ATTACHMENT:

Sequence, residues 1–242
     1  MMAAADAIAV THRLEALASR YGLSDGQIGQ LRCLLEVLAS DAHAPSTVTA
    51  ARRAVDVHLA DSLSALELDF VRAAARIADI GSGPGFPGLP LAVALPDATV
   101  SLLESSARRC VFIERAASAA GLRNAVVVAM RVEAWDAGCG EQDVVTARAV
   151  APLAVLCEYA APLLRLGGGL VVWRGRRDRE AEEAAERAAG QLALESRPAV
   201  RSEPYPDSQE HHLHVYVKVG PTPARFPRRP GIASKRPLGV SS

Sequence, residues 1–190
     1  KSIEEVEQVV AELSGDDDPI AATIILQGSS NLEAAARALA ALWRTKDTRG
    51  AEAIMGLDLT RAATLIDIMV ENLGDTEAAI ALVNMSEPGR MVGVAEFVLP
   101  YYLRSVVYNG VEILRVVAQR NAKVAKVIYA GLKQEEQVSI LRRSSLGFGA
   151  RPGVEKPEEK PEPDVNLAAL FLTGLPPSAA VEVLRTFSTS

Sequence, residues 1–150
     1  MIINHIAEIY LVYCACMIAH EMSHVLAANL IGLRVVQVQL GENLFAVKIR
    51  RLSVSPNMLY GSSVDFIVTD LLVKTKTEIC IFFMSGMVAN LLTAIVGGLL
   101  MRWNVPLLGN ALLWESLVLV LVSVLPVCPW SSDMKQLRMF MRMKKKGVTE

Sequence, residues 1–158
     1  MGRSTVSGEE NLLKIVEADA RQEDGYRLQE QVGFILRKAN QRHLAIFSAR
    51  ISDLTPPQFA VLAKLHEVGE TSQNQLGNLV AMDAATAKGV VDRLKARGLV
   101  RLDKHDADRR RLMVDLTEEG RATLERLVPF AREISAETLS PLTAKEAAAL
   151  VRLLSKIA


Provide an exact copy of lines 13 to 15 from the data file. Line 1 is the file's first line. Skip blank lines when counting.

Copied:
     1  MIINHIAEIY LVYCACMIAH EMSHVLAANL IGLRVVQVQL GENLFAVKIR
    51  RLSVSPNMLY GSSVDFIVTD LLVKTKTEIC IFFMSGMVAN LLTAIVGGLL
   101  MRWNVPLLGN ALLWESLVLV LVSVLPVCPW SSDMKQLRMF MRMKKKGVTE